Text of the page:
Angie Kim drew on her own experiences raising a son with ulcerative colitis to inspire her award-winning debut novel, Miracle Creek. She tried out an experimental treatment called hyperbaric oxygen therapy (HBOT), in which patients were placed in highly flammable hyperbaric oxygen chambers. Fifteen years later, she wrote Miracle Creek, in which the mother of an autistic son is charged with deliberately killing her son by igniting his hyperbaric chamber. This novel is part medical thriller, part courtroom drama, and immigrant family story — in other words, it has pretty much everything.


The Other Black Girl

In Zakiya Delila Harris’ hit debut, Nella Rogers, a young, Black editorial assistant at a major New York publishing company, is unnerved when another Black woman, Hazel, starts working as an assistant on her floor. Though she’s initially excited at the prospect of having someone to commiserate with, she quickly realizes that there’s something about Hazel that’s not quite right. As the book progresses, Harris adds a speculative twist that makes this novel even more suspenseful.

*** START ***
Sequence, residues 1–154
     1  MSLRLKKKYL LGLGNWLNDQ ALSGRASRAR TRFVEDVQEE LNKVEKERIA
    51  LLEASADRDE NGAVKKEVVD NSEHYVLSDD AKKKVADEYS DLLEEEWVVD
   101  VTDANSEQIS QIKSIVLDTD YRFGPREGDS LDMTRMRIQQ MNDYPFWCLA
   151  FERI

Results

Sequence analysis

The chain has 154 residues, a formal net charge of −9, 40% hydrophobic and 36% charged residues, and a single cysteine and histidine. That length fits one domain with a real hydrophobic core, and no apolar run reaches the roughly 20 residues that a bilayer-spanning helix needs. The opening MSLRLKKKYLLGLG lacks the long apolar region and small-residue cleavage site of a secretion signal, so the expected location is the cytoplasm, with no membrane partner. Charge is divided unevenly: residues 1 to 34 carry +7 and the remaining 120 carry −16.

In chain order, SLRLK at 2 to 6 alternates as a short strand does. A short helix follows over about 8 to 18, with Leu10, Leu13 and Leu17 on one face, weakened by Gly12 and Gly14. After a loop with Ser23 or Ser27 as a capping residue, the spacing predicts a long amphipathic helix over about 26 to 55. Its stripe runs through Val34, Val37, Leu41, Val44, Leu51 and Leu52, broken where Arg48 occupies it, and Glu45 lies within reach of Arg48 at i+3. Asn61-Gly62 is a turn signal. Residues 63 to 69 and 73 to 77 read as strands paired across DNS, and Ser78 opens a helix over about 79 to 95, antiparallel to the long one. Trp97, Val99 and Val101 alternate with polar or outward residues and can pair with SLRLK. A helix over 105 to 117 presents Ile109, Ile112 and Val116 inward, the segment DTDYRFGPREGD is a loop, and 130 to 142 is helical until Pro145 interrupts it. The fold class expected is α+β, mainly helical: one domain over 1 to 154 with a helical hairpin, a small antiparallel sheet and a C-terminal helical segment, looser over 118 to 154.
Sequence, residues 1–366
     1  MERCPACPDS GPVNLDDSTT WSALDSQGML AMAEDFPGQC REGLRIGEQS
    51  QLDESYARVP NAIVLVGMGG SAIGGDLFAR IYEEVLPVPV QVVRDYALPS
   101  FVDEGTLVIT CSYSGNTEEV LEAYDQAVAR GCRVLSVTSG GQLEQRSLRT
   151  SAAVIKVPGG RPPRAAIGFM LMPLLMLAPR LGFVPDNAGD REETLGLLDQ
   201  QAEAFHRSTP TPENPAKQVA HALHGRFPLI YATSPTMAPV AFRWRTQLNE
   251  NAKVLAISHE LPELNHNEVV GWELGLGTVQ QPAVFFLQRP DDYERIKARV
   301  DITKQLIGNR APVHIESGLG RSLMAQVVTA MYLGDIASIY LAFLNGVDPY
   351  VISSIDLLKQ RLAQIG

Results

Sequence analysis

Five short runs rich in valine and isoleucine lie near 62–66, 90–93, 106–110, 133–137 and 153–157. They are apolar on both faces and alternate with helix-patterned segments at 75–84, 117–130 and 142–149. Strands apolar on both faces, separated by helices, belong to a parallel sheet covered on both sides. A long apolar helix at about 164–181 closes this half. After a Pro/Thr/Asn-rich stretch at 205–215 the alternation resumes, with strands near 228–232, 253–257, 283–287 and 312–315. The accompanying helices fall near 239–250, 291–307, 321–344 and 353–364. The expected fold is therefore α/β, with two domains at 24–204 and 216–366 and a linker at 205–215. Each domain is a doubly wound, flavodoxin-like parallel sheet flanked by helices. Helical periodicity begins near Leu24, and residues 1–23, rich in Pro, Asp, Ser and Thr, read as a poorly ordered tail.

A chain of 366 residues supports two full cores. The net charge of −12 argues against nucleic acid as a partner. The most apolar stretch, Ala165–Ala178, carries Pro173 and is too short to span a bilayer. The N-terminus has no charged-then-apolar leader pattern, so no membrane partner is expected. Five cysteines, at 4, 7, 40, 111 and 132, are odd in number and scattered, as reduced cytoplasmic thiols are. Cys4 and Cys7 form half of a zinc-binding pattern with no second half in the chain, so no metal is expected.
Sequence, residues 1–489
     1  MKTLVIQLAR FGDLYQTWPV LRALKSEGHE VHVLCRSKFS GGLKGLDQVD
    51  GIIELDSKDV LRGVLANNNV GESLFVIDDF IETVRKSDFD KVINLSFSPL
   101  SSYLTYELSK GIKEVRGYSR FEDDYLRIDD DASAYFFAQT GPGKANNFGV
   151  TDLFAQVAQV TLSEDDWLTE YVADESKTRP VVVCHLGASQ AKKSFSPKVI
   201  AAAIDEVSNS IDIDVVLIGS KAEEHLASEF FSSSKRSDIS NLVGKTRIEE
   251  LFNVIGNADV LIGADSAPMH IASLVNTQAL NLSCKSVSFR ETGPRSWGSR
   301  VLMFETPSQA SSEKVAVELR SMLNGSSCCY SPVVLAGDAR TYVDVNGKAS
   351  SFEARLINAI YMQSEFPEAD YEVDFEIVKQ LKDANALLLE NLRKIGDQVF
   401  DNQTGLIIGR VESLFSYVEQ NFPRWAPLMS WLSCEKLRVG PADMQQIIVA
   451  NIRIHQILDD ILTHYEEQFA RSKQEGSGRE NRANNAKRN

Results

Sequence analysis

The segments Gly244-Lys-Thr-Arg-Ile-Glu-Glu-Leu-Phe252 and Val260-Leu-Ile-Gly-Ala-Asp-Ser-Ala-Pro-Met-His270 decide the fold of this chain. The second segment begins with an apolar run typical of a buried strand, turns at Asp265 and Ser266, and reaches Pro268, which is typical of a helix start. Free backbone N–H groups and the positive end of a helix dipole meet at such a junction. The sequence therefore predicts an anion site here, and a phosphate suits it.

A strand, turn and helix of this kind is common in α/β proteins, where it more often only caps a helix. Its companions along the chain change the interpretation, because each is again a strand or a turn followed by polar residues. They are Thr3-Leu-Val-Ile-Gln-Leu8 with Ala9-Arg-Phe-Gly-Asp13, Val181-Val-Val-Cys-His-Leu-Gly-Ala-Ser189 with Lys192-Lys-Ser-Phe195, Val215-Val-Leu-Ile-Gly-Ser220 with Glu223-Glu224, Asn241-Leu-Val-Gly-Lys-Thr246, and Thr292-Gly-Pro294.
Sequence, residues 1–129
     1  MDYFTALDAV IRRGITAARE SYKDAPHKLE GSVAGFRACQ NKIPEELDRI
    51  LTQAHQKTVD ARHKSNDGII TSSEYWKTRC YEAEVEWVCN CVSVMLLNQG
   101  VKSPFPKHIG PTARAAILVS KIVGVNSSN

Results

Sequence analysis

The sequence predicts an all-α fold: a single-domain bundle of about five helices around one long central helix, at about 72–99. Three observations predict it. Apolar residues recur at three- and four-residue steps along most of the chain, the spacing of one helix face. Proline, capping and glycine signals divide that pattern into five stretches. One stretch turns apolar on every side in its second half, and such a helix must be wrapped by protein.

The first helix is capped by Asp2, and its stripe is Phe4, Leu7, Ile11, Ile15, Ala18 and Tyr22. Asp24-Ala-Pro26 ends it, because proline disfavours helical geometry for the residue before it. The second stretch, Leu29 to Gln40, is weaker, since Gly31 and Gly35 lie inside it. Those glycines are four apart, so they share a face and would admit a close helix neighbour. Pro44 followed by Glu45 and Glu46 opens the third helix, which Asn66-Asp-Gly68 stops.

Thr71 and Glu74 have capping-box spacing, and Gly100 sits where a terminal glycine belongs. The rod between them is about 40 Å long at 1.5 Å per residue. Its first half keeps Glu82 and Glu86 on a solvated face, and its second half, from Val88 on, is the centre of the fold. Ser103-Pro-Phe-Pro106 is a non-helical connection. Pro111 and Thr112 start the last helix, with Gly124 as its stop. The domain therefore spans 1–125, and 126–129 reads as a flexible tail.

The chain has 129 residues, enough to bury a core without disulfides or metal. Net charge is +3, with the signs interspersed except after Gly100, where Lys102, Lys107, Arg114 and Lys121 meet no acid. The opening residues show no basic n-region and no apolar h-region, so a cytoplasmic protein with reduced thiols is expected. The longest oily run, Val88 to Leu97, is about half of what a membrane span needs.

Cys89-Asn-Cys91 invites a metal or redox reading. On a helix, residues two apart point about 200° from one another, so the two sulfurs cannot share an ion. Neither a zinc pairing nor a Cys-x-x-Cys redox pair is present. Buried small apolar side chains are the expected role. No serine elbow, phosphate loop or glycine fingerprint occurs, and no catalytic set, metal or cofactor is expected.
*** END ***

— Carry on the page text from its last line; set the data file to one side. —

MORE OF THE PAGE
My Mother’s House

Fans of the smart Netflix horror film His House — about a pair of Sudanese refugees living in an unfriendly house in England — will enjoy Francesca Momplaisir’s similarly sharp thriller My Mother’s House. As in that film, Momplaisir deftly melds social commentary and nail-biting tension. Married couple Lucien and Marie-Ange flee Haiti for New York City, settling in a burgeoning Haitian neighborhood. But Lucien is up to no good, and the house he’s bought turns out to have a mind of its own — and quickly turns on him.


When No One Is Watching